The Atlanta Falcons have done all they can do. The NFC South champions have the best record in the NFL and home-field advantage throughout the playoffs. Yet when the best teams in the league are discussed, the Falcons are rarely mentioned.
When they are mentioned, they are treated with the dreaded "yeah, but..."
Why is it so hard for the winningest team in the NFL to garner respect?
Sins of the Past
When assessing the Falcons, the easiest fall-back position is their previous playoff woes. This has been a theme since literally the first regular season game. During the FOX broadcast of the Week 1 match-up between the Falcons and the Kansas City Chiefs, Brian Billick was the first to jump on the no-playoff-win train.
With the Falcons leading 20-17 at the half, Billick predicted that neither team would slow down the other's offense. With the Falcons leading 40-17 midway through the fourth quarter, Billick acknowledged his earlier prediction. He then quickly added in that the Falcons were 0-3 in the playoffs since Matt Ryan's arrival.
As the Falcons kept racking up the wins, the playoff card was played early and often.
Disrespect vs. Disinterest
The Falcons might make it hard on themselves. Matt Ryan is a squeaky-clean face for the franchise. The team is devoid of train wrecks needed to keep the 24-hour news cycle running. In fact, the closest thing the Falcons have to a prima donna is Roddy White. White may make a tiny splash off the field with his mouth or Twitter account, but rarely on the field.
The Falcons do not have the sizable fanbase of teams like the Dallas Cowboys or Pittsburgh Steelers. This makes pushing the Falcons into the national discussion a rather tricky one. It is an easier sale to say that the New York Giants are better than their record than to say the Falcons are as good as their record.
The Falcons walked away with a division that left more brand-name players like Cam Newton and Drew Brees sitting at home. The demise of the New Orleans Saints has far more sizzle than the rise of the Falcons.
Scheduling Ain't Easy
The ease of the Falcons schedule has been repeated ad nauseam. Still, there is validity to the point. Although, many who point to the schedule often do not understand how scheduling works. The Falcons only faced two teams, the Detroit Lions and the Arizona Cardinals, based on where they finished in 2011.
The schedule is an interesting reason for those who doubt the Falcons. Despite football being a very contextual game, there is only one game detractors point to with added context: the Falcons' win over the Denver Broncos.
Detractors will often point to the game being Peyton Manning's second game of the year. This is their explanation for his failure in the game. The number of teams the Falcons have faced with the opponent in a must-win situation is completely disregarded.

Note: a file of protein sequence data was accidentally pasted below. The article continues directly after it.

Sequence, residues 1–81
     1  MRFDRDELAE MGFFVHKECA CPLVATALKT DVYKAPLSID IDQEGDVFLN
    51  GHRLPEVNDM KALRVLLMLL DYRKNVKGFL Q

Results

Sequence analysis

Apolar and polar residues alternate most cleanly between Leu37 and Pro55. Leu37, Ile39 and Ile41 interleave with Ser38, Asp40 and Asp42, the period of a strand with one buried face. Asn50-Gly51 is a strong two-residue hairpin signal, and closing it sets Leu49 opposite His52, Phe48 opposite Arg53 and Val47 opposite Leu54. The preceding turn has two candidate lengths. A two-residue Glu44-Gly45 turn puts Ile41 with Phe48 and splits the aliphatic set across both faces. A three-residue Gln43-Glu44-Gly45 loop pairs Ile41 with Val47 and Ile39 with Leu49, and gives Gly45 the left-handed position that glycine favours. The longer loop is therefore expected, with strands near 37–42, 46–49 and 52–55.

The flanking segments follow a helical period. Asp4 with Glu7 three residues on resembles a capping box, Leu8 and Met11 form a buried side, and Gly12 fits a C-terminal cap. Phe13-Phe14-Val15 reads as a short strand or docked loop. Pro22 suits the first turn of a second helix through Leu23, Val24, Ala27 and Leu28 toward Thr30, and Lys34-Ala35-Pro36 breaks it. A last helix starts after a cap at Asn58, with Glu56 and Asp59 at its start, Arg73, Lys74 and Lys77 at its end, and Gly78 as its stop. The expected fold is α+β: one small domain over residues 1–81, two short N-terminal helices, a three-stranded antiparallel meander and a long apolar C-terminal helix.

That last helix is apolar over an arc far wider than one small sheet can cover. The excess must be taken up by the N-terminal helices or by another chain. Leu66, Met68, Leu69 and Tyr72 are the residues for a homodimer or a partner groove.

Respect is a Moving Target
While some players like Tony Gonzalez have been quite vocal about a perceived lack of respect, the benchmark for respect is constantly on the move. The game that will earn the Falcons respect has always been the next one. Despite having swept the NFC East and AFC West, there is no singular game that accomplished the task.
Heading on to the match-up with the New York Giants, many analysts did not give the Falcons a chance to win. Many said that the Giants were closers and did not lose in December. So when the Falcons embarrassed the Giants 34-0, one might have expected the Falcons to finally gain the respect their fans have been searching for.
Not so much.
ESPN's Mike and Mike opened their show that following morning talking about the Giants. Not about how they were dominated by the Atlanta Falcons, but rather wondering if the tragedy in Newtown, Conn., had weighed too heavy on the heads and hearts of the Giants.
Once Bitten Thrice Shy
The simplest explanation is that analysts have hitched themselves to the Falcons wagon before. The Falcons have always left them wanting. After three trips for one-and-done, betting one's credibility on the Falcons seems risky. Only one team out of 32 will win the Super Bowl. This is pretty good odds that any one team will fail on the way.
And explaining why a team is a fluke is much easier than defending your stance on a loser.
So it is hard to fault any individual for being hesitant with throwing his weight behind the Falcons.
Do They Deserve Respect?
It is hard to find a legitimate reason that a 13-win team would be referred to as a fraud, but the Falcons have on more than one occasion. The different reasons for a mistrust of the Falcons' record have been questionable to say the least.
Some point to the number of close wins this season. Yet when the Carolina Panthers racked up close wins in 2003, they were celebrated as the "Cardiac Cats."
There is the erroneous idea that the Falcons have not dominated anyone. Six of their wins in 2012 have been by 10 points or more.
Undefeated at home, they also finished with an away record of 6-2. This makes them a formidable opponent no matter where they play.
Which only leaves their past playoff performances. Despite having replaced both coordinators who had a hand in the previous defeats, this argument is impossible to defeat in the regular season. And that is why it was the first and the last "yeah, but" the Falcons faced. The Falcons have three weeks before they can face down that demon.
Do the Falcons deserve respect for their regular-season accomplishments? Yes.
Will they get any prior to a postseason win? No.